In 2018, Martin played 68 games for Double-A Altoona of the Eastern League and 59 for Triple-A Indianapolis of the International League, with significantly better results at the lower level. He had a .326 average, 27 extra-base hits and a .913 OPS in Altoona, and a .211 average, 12 extra-base hits and a .589 OPS after his promotion. In 2019, Martin played 101 games with Indianapolis, where the new baseballs were leading to a huge jump in offense. He hit .259 with 47 runs, 38 extra-base hits, 50 RBIs and a .731 OPS in 101 games. He was with the Pirates at the start of the seasons due to injuries, came back for a brief stop in June, then rejoined the team in September. His season was cut short due to a shoulder injury suffered while sliding into home plate in his first game back. In 20 games with the Pirates that year, he hit .250/.325/.306 with no homers and two RBIs. He played seven games for the Pirates during the shortened 2020 season and failed to get a hit in nine at-bats, though he had two walks and two runs scored. Martin was let go in November of 2020 and he signed a deal with the Texas Rangers. He spent a majority of the 2021 season in the majors, hitting .208/.248/.354 with six homers and 17 RBIs in 58 games, while putting up a .930 OPS in 38 games with Triple-A Round Rock. He was let go after the season and signed a minor league deal with the Los Angeles Dodgers. Through late August, he has spent the entire season with Oklahoma of the Triple-A Pacific Coast League, hitting .285 in 106 games, with 85 runs, 19 doubles, 27 homers and 90 RBIs. His three partial seasons in the majors show a .206 average in 85 games, with 21 runs, five doubles, six homers and 19 RBIs.
Pablo Reyes, utility fielder for the 2018-19 Pirates. He signed as an amateur international free agent out of the Dominican Republic at 18 years old in 2012. Reyes spent two seasons in the Dominican Summer League despite strong stats in his first time through the league. He hit .284 with 33 runs, 18 doubles, 18 steals and a 23:12 BB/SO ratio in 59 games in 2012. The next year he batted .304 with 27 runs, 16 extra-base hits, 15 steals and 23 walks in 52 games. He moved up to Bristol of the short-season Appalachian League in 2014, where he hit .272 with 30 runs and 12 extra-base hits in 46 games, putting up a .733 OPS. He was in Low-A in 2015, hitting .268 with 61 runs, 24 doubles, 12 homers, 60 RBIs and 27 steals in 108 games for West Virginia of the South Atlantic League. In 2016, Reyes spent the season in Bradenton of the Florida State League, where he had a platoon role early on, in a move that was hard to explain at the time. He ended up hitting .265 with 41 runs, 26 extra-base hits, 45 RBIs and a .727 OPS in 89 games, while playing in a pitcher-friendly league. After hitting .333 in 21 games of winter ball in the Dominican that off-season, he went to Double-A Altoona of the Eastern League in 2017, where he hit .274 with 62 runs, 34 extra-base hits, 50 RBIs, 21 steals and 51 walks in 115 games. He mostly played shortstop early in his career, switched more to second base in 2014, then started playing more outfield along with 2B/SS in 2017.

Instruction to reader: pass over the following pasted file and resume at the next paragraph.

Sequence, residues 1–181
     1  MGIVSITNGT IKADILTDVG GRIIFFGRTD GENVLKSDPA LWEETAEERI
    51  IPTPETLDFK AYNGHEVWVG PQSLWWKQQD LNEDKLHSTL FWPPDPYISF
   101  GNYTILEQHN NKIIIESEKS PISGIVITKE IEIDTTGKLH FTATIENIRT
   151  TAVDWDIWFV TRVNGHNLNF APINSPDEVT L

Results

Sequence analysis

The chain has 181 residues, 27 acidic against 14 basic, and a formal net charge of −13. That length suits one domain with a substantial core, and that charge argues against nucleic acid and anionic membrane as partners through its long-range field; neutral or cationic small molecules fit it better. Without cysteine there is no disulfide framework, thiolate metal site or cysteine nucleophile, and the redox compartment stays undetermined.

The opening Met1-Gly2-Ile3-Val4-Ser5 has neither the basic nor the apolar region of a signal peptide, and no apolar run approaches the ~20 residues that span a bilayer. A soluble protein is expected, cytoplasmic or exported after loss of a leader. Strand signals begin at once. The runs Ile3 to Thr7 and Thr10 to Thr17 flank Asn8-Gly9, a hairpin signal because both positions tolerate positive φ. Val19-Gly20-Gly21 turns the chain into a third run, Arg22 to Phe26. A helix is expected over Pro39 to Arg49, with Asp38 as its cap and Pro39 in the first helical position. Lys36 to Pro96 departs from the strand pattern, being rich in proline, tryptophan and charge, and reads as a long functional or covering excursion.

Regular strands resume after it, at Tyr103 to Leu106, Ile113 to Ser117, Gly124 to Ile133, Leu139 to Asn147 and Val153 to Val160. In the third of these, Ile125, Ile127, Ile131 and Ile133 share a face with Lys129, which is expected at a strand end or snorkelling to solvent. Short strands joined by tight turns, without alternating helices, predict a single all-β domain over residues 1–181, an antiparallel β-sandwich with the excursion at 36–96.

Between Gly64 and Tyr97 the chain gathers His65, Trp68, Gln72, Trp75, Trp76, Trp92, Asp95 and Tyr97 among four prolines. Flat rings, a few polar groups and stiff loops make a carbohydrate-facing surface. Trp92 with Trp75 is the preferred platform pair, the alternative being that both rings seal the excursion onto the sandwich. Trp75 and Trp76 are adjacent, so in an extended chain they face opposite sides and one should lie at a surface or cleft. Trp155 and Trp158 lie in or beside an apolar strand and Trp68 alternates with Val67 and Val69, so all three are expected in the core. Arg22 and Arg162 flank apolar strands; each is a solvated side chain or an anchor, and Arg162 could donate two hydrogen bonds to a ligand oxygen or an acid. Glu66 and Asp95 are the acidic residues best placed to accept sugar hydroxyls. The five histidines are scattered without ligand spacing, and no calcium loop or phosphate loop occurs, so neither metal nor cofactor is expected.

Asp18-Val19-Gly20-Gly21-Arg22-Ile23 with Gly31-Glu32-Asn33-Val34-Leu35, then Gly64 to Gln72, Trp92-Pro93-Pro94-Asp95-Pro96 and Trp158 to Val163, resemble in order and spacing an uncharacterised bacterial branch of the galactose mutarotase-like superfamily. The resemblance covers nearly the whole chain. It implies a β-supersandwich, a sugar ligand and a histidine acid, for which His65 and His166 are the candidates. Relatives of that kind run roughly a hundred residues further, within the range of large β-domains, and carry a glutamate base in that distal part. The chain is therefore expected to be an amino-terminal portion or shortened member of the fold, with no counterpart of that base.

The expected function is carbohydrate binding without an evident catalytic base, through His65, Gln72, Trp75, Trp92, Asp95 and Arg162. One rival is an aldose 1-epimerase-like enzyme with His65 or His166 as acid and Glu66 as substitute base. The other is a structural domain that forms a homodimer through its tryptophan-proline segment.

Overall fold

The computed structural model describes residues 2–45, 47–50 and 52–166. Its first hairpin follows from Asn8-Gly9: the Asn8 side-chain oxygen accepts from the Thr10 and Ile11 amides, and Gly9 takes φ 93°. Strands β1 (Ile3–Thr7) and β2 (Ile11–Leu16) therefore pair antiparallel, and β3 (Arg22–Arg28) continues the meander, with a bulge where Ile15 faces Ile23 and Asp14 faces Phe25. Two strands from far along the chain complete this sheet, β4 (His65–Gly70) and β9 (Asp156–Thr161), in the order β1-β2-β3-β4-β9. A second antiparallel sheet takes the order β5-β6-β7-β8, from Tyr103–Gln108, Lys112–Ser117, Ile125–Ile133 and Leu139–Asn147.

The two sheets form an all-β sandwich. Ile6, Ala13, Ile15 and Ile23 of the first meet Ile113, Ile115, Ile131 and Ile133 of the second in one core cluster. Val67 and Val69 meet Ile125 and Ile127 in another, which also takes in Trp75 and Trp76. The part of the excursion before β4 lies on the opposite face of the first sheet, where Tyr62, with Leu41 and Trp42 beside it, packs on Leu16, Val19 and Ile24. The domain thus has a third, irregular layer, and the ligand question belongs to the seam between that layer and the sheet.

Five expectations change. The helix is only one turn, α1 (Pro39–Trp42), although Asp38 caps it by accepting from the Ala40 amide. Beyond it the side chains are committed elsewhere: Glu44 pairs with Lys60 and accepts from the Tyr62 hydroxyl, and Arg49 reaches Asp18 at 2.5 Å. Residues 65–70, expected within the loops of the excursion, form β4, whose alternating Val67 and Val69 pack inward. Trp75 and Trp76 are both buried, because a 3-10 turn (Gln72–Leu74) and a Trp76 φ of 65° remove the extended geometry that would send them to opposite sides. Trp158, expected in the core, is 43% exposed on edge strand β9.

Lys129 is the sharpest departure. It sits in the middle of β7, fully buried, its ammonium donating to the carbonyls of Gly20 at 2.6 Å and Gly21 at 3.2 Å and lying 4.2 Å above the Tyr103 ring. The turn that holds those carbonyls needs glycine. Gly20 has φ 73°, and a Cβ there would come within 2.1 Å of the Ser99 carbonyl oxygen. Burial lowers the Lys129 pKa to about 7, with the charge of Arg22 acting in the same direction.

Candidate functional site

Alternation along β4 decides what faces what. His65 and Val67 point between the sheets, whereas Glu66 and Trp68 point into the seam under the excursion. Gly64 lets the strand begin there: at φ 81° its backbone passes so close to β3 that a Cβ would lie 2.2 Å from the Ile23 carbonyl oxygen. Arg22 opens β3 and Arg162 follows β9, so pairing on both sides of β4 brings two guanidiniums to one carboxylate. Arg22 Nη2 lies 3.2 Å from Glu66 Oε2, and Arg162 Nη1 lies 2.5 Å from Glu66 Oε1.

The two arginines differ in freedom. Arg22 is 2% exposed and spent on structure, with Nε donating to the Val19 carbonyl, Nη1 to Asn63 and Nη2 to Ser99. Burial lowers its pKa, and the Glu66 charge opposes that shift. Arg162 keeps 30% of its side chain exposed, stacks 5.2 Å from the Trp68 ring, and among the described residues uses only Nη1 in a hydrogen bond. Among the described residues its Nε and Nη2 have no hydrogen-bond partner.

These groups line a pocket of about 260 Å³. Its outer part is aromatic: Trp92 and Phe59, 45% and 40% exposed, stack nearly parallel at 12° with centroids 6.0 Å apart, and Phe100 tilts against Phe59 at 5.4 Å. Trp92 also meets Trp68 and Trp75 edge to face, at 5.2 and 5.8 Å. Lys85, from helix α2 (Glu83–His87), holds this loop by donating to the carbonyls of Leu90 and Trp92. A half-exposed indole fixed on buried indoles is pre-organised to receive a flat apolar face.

After a brief stint with Altoona to start the 2018 season, Reyes spent the rest of the year with Triple-A Indianapolis of the International League. He hit .289 with 52 runs, 32 extra-base hits, a .776 OPS and 13 steals in 110 games with Indianapolis. He was set to become a minor league free agent at the end of the season, but the Pirates added him to the active big league roster in September, and he hit .293/.349/.483 with three homers in 18 games. He played 51 games for Indianapolis in 2019, but a majority of the season was spent in Pittsburgh in a utility role, playing all three outfield spots, as well as second base, shortstop and third base. He struggled as a bench player, hitting .203/.274/.322 with 18 runs, seven doubles, two homers and 19 RBIs in 71 games. Reyes was suspended for the entire 2020 season due to a positive PED test. The Pirates released him after the season and he signed a free agent deal with the Milwaukee Brewers. He split the season between Triple-A and the majors, hitting .256 with five doubles, one homer, three RBIs and a .692 OPS in 87 plate appearances over 53 games with the Brewers, seeing almost all of his time at third base. Reyes has spent most of 2022 in Triple-A for the Brewers, spending five games in the majors in June, before rejoining the team in late August. Through late August of 2022, he is a career .238 hitter in 148 games, with 40 runs, 14 doubles, six homers and 29 RBIs. He has played six seasons of winter ball in the Dominican.
Rod Barajas, catcher for the 2012 Pirates. He spent the final season of his 14-year career with the Pirates, where he hit .206/.283/.343 in 104 games, with 29 runs, 11 doubles, 11 homers and 31 RBIs. Barajas signed a one-year deal as a free agent with the Pirates shortly after the 2011 World Series ended. He started 98 games behind the plate for the Pirates, split the catching duties with Michael McKenry. Barajas signed with the Arizona Diamondbacks after the 2012 season, but he was released during Spring Training, which ended his career.